Because of concern with the difficulties encountered when removing rear entry ski boots from patients with lower limb injuries, an investigation was undertaken to determine if there are significant differences between the forces necessary to remove a rear entry boot and those necessary to take off a normal entry boot.
This laboratory study used an articulated foot with an ankle joint. The angles of the ankle's joint were measured, and the pulling forces necessary to remove the foot from various models of usual and rear entry ski boots were recorded.
Records were kept of several different people attempting to remove the boots. It was found that while it was possible to remove normal entry boots from the dummy's foot using reasonable force and without disturbing the foot's position, this was not the case with rear entry boots. In fact, according to the several different candidates, either extra forces were required or the position of the ankle joint had to be altered.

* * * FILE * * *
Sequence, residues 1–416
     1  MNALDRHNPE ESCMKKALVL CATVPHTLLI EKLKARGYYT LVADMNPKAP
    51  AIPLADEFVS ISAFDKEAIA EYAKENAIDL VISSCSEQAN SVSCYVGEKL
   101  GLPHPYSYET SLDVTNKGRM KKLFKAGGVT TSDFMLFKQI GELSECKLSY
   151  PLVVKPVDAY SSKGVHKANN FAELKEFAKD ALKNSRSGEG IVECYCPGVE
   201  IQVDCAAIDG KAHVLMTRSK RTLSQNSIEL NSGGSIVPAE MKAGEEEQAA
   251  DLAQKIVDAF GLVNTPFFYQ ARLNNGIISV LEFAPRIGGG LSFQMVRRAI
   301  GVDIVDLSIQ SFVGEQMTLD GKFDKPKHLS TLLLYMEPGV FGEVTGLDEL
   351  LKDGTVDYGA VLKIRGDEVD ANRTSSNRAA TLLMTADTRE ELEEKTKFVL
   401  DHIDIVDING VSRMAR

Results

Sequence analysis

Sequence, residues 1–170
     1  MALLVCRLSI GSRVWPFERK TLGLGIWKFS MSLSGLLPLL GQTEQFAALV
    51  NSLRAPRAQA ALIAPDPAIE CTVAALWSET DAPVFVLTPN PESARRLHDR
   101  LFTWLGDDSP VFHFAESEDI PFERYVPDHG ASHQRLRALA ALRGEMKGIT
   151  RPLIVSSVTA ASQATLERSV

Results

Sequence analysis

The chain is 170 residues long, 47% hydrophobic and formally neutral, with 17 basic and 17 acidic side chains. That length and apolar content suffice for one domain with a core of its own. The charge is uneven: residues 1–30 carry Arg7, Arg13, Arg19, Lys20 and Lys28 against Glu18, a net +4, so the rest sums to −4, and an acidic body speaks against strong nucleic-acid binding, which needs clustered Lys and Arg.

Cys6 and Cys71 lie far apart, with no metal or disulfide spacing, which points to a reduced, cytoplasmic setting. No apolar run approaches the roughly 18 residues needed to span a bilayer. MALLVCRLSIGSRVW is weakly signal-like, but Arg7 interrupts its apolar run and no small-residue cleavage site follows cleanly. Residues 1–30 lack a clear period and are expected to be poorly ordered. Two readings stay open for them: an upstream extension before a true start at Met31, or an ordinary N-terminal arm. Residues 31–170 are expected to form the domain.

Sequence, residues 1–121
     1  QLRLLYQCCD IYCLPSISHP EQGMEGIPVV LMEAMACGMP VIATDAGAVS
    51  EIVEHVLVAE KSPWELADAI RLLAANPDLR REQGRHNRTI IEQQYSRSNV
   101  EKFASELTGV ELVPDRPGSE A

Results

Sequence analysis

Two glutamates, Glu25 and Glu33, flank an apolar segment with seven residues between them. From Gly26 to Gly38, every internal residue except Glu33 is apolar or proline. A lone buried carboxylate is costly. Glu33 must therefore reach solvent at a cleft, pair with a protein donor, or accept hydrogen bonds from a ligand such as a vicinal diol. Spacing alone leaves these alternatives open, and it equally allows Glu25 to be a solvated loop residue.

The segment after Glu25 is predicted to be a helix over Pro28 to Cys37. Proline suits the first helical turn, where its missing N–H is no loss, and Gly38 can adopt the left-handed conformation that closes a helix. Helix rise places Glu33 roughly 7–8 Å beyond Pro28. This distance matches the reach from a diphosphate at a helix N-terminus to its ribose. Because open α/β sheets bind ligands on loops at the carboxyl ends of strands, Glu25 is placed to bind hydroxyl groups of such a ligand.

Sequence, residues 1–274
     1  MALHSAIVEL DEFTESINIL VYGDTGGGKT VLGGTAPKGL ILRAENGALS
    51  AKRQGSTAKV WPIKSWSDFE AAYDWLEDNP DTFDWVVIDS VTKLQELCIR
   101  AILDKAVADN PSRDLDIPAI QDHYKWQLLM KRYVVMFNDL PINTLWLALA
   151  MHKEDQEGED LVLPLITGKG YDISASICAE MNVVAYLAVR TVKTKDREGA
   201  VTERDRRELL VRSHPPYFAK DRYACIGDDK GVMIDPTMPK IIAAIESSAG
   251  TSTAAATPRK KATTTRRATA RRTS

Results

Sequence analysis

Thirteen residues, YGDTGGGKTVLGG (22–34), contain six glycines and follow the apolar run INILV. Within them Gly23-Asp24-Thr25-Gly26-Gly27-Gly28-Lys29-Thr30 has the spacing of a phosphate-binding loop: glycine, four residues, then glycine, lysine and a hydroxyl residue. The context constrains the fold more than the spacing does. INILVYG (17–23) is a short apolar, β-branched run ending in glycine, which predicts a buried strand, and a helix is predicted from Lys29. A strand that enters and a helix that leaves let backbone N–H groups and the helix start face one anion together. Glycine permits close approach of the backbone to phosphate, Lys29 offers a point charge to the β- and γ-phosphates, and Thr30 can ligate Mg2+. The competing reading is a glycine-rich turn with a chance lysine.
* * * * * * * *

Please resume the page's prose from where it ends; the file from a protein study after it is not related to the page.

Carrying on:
Practice and training play a great part in this removal. It has been proven that a doctor trained in the methods of removing boots from the injured skier uses a lower pulling force than an engineer not familiar with such methods.
Removing the boot without disturbing the ankle joint and using only reasonable force should be added to the existing standards concerning ski boots presently set by the industry.